A local young entrepreneur will spend an exciting few days in New York City and he may come home with a prize as the top entrepreneur in the country.

A local young entrepreneur will spend an exciting few days in New York City and he may come home with a prize as the top entrepreneur in the country.
The competition is sponsored by the Network for Teaching Entrepreneurship, an organization which fosters business creativity with classes in local high schools across the country.
Morrow was a member of the class last year and created a business plan for an enterprise called Believable, Inc. The purpose of the business is to use theater skills to teach public speaking, confidence and other life skills.
He organized a summer production at the Depot Theater Company last summer and put 22 young actors on stage.
Morrow's business plan was one of only 38 chosen nationwide to compete in NFTE's national challenge. Only one other Kansas student, Natalie Lash from Wichita, was chosen.
Morrow and his dad will travel to New York City next week where the 38 students will present their plans in several rounds of judging, culminating in the final 8 making presentation at an evening event Thursday.
"It's just like high school forensics," Morrow said during an interview at the Globe offices Friday.
The competitors have been told that there are two prizes: one is the $25,000 cash prize and the other is success for life.
Morrow cited a girl in a previous competition whose idea was cake on a stick. Starbucks heard about the idea, liked it, and bought her out for $1 million.
If he wins, he'll sign a contract to be a spokesman for NFTE for a year, making appearances across the country on behalf of the organization's programs.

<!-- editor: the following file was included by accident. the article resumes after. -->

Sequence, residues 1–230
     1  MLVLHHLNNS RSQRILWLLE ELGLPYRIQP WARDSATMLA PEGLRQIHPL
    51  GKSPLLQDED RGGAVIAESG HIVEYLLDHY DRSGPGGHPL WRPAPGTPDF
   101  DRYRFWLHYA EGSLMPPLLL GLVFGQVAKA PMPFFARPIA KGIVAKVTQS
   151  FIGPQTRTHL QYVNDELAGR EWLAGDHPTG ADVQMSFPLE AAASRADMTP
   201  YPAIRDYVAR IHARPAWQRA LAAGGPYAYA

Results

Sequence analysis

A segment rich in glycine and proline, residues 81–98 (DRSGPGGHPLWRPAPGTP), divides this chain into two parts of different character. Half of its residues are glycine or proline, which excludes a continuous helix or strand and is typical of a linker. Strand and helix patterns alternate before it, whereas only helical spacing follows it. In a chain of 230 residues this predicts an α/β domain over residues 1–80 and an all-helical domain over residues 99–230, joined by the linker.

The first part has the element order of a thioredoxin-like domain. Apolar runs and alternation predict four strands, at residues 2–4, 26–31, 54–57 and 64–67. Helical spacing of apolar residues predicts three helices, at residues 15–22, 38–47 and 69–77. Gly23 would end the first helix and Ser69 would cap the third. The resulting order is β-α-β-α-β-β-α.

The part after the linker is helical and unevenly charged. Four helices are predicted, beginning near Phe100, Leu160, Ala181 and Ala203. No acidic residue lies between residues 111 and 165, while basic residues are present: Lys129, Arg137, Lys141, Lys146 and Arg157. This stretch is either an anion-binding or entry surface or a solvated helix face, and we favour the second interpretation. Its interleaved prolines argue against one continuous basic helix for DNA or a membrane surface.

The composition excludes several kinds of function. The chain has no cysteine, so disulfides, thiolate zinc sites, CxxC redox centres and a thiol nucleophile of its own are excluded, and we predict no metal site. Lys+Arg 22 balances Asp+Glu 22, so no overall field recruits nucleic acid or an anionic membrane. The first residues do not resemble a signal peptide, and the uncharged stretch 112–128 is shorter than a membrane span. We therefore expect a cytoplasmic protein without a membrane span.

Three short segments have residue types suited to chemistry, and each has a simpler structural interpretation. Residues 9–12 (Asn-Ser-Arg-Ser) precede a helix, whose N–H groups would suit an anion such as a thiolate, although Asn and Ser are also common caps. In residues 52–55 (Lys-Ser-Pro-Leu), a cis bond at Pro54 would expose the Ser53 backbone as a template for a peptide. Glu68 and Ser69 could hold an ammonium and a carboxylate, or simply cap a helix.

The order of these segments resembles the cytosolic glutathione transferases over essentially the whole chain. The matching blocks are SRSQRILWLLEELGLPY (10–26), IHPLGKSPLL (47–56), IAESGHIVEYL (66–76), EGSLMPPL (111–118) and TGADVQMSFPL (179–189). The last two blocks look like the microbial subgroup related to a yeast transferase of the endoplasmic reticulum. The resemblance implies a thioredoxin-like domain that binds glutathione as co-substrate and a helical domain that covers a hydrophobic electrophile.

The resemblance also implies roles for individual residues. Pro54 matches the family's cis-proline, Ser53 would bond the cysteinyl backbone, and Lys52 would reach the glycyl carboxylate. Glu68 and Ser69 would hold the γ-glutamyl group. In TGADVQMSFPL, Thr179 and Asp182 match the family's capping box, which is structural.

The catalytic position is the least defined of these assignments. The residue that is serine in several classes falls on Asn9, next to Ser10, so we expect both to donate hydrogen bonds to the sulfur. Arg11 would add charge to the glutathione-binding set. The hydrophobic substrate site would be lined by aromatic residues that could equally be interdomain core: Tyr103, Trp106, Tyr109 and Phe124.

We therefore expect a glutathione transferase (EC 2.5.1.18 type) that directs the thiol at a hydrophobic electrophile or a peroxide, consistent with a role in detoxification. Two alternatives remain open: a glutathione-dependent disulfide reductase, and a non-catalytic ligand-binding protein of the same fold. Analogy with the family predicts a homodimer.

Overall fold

Making the pitch
Recognizing the value of teaching young entrepreneurs the skill of pitching their ideas in a concise presentation, E-Trade Bank sponsors another aspect of the competition.
All 38 finalists are asked to create an elevator pitch — a summary of their idea that can be presented in less than 60 seconds — say, while you're riding up in an elevator with someone.
The pitches are posted online and people are encouraged to watch the pitches and vote for their favorites.
Online voting continues for over a month and the winner will be announced at the Thursday event.
Morrow, who was not a Facebook member before the competition, joined for the express purpose of creating a network of friends who could vote for him in the competition.
"I got shut down twice by Facebook because I was making too many friend requests," Morrow said.
The plan worked, however, giving Morrow a solid lead in the first week of voting.
Word spread quickly as the social network went into action.
High school students, high school faculty, circles of friends kept up the daily voting and Morrow stayed in the number one spot almost throughout the voting period.
"I dropped to second for about half a day — that was a disaster — but it energized people and after that I was only in second for two hours once and again for about half an hour," Morrow said.
People from as far away as Singapore were voting for Morrow.
"Kids I thought didn't even like me would see me in the hall and say 'Hey, I voted today.'"
People around town called him "voting boy," and the cashier at Wal-Mart assured him she was voting daily.
Late Thursday night, the site took down the page listing rankings, so for the last few days of voting no one will know who's in first. It's a way to create a little excitement ahead of the big announcement. But it makes Morrow nervous.
"I just have to count on the people who have been voting to keep it up for these last few days," Morrow said.
Morrow thinks of his chance at winning the competition as a Dodge City thing not his own personal effort.
"So many people have helped get us to number one — it's one of the great things about growing up in a smaller town. It's an incredible feeling. I am so grateful to everyone and I just want to go and make you proud," he said.
If he doesn't win?
"I'm not coming back," he said.
But that's unlikely. Morrow already has plans for another production next summer and 22 young actors have already called to sign up.
Meanwhile, Morrow is spending this chilly Saturday morning taking his SATs.

Online voting continues through Oct. 9. You can vote once every 24 hours from as many E-mail accounts as you have, provided you are at least 13 years old.
To see the pitches and vote, go to www.elevatorpitch2012.com.